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Fatal accident may have been triggered by state court officers

A recent fatal accident in New York City raises questions of whether the family of the deceased bicycle rider will be able to collect wrongful death damages. On May 27 at 11:30 p.m., a car was being driven erratically in the Bronx, where it ran a red light and nearly struck a car driven by New York State Court officers. The car kept going, and, after crossing a bridge and traveling a few hundred yards, it caused the fatal accident by striking a bicyclist from behind. The bicyclist flew onto the hood of the car and then landed on the asphalt.

The victim was dead at the scene. He was a 42-year-old assistant professor of neuroscience at Weill Cornell Medical College. He was reportedly working on important research at the school. After striking the bicyclist, the car continued until it struck another vehicle, and the persons inside the car got out and fled on foot.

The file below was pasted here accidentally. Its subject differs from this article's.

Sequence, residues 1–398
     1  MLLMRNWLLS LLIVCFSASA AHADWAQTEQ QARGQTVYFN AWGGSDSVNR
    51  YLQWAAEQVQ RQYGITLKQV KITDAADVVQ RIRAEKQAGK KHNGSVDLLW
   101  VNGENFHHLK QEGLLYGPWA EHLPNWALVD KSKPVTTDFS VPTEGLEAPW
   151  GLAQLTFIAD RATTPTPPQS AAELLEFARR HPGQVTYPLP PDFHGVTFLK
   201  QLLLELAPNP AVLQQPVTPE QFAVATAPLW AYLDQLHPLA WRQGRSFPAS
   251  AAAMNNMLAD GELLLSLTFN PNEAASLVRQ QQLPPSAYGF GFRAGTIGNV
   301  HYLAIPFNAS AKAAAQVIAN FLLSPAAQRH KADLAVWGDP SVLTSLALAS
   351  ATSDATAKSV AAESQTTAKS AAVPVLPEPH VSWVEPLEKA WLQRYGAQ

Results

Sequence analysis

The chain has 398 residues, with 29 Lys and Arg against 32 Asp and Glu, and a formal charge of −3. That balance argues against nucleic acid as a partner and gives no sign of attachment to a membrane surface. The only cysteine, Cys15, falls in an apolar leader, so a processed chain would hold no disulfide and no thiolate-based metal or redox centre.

The court officers reportedly turned on their emergency lights and tried to pull over the car after it ran the red light. That action has raised the issue of whether they caused the driver to drive even more erratically in response to a chase scenario. Court officers are allowed to take action to stop a crime only under “extreme circumstances,” according to a state court spokesperson.

Generally, under New York law, a negligent operator who causes a fatal accident can be held liable for wrongful death damages to the immediate family of the innocent victim. When family members choose to pursue wrongful death compensation, they will need to prove, in court, that the negligent driver’s actions contributed to their loved one’s death. When a case is successfully presented, a court may award both punitive and non-punitive damages.

Source: The New York Times, “Bicyclist Is Killed by Car Fleeing Court Police“, Benjamin Mueller, May 28, 2015

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